You matter, addressing suicidal thoughts to save lives

Dr Chido Rwafa-Madzvamuse Mental Wellness

As discussed in previous articles, mental health is defined as a state of well-being in which an individual realises his or her own potential, can cope with the normal stresses of life, can work productively and fruitfully, and is able to make a meaningful contribution to their community.

Suicide is a leading cause of death particularly among young people in low and middle income countries.

However, for every completed suicide there are an estimated 20 more people who have suicidal thoughts and attempt suicide but do not die and can still be saved.

As we commemorate suicide prevention this month of September, it is crucial that we empower ourselves on how to recognise and address suicidal thoughts and preserve lives. You matter and your life matters.

Suicide is often the result of a combination of factors including:

  • Mental health problems such as depression and alcohol and substance use
  • Loneliness and social isolation
  • Grief and bereavement
  • Chronic pain
  • Exposure to physical, emotional and sexual abuse
  • Feeling trapped and helpless
  • Relationship difficulties
  • Financial challenges

What are suicidal thoughts and how can they affect me?

Suicidal thoughts are thoughts of dying or harming yourself. These thoughts can be active or passive. Passive suicidal thoughts are thoughts of wanting to die but not having any active plan to harm oneself often wishing that something may happen to them to take their life. Active suicidal thoughts are thoughts of wanting to die accompanied by active plans on how to harm oneself.

Consider the following:

  • Do you find yourself thinking of death as a solution to your challenges?
  • Do you sometimes feel like people in your life would be better off without you?
  • Do you sometimes wish you would sleep and never wake up?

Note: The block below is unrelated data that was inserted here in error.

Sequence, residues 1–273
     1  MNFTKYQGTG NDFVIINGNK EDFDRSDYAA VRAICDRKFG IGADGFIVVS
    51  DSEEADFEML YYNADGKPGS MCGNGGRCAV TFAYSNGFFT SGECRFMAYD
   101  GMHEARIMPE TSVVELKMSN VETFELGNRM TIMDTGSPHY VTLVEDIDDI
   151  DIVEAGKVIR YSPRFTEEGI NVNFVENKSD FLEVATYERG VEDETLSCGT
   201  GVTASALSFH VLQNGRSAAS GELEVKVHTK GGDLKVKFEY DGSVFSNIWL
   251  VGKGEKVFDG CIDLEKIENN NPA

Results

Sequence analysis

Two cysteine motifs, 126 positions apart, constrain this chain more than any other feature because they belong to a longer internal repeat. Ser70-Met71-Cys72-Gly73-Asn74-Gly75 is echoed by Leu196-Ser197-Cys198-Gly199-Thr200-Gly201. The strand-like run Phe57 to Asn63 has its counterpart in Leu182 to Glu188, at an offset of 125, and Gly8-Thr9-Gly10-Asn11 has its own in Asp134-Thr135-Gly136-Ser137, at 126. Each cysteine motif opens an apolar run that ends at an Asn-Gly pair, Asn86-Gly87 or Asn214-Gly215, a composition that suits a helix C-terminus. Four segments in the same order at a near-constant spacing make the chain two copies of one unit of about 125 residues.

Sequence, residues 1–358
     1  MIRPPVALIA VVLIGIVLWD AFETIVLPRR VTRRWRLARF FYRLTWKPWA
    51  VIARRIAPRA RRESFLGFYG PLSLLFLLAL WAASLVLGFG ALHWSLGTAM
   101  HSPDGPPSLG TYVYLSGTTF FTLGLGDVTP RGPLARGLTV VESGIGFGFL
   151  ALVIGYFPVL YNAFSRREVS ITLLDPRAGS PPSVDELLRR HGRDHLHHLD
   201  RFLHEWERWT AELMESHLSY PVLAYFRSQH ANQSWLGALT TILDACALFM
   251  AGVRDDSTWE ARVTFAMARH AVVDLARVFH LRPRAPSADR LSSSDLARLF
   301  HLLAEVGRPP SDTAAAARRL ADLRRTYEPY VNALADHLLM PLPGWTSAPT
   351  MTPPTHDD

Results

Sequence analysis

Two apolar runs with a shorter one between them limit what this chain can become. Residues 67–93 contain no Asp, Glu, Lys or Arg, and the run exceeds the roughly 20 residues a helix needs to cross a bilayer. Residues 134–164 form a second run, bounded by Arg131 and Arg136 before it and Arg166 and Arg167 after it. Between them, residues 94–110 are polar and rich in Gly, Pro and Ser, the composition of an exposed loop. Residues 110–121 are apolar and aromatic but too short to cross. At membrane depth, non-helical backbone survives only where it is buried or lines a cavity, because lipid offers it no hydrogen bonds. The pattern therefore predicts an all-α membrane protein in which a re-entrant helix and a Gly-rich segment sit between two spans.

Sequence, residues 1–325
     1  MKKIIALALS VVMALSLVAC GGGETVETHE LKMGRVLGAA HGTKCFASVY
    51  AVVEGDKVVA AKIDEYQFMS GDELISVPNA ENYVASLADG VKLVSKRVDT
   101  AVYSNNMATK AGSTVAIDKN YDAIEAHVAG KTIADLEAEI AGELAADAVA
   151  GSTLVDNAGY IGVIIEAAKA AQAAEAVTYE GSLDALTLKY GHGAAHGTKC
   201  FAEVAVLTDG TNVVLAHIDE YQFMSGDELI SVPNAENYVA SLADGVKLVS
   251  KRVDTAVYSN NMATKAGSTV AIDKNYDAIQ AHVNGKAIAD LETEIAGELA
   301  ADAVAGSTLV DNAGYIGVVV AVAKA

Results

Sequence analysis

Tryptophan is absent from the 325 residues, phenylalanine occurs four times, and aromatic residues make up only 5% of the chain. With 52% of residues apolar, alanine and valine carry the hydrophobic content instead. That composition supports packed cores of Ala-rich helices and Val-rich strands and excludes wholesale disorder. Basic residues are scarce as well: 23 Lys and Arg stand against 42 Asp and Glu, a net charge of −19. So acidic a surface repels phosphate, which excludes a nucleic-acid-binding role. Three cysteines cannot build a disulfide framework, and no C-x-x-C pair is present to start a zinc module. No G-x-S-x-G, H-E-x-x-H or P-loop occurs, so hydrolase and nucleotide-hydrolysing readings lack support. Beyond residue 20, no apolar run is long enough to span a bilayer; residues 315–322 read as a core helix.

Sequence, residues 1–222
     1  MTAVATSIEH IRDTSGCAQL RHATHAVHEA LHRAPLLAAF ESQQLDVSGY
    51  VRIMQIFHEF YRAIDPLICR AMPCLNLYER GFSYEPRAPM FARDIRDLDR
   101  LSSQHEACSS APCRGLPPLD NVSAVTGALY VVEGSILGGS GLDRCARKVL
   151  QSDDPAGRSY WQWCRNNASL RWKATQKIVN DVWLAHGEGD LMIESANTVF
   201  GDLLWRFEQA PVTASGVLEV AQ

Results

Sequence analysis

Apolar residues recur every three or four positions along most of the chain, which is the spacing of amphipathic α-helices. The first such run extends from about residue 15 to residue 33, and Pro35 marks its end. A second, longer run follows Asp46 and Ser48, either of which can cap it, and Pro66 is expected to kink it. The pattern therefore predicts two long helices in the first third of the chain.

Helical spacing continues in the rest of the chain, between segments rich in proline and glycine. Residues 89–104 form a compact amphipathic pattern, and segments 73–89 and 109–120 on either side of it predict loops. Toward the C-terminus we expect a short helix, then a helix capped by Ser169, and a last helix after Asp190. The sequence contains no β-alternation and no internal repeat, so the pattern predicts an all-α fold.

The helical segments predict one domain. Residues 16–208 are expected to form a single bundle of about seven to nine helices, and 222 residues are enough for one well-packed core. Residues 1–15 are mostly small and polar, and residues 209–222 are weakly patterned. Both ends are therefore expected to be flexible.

• Are you struggling with hopelessness and struggling to envision a future for yourself?

Suicidal thoughts will often result in:

  • Being overwhelmed
  • Hopelessness
  • Feelings of worthlessness, feeling like a failure
  • Emotional numbness and disconnection from others
  • Challenges talking about these feelings and feeling misunderstood
  • Fear and anxiety
  • Challenges sleeping and eating and self-care
  • Alcohol and substance use as self-medication

What can I do if I have suicidal thoughts?

  1. Find a safe place to minimise risk, this may even be a health facility
  2. Find a safe person to talk to about this feelings as soon as possible
  3. Avoid using alcohol and substances as they can affect your ability to make sound decisions
  4. Reach out for professional help for assessment on the factors contributing to the suicidal thoughts and to work towards a treatment plan

How can I recognise suicidal thoughts in a loved one?

  • Direct or indirect threats of suicide
  • Suicide notes or social media postings suggestive of suicide
  • Seeming like they are saying goodbye, giving away valuable possessions, making final visits and final arrangements
  • Symptoms of depression such as sadness or irritability accompanied with fatigue and lack of motivation and interest
  • Self-injury behaviour such as cutting

What can protect us against suicidal thoughts?

  1. Having a reason for living: this can be family or friends or purposeful, meaningful work
  2. Emotional awareness and emotional vulnerability: being able to recognise and express difficult emotions in a healthy manner.
  3. A strong support network: this will help fight the challenges of loneliness and social isolation. Feeling connected to others is a key protection against suicide.
  4. Having access to appropriate mental health care
  5. Decreasing access to means of suicide such as pesticides and firearms

If you or someone that you know may be experiencing suicidal thoughts, remember you matter, please contact your nearest healthcare provider and get help.

l Association of Healthcare Funders of Zimbabwe (AHFoZ) article written by: Dr Chido Rwafa-Madzvamutse, Consultant Psychiatrist.

l Feedback: (Dr. Chido Rwafa Madzvamutse Whatsapp+263714987729) ( ; [email protected])

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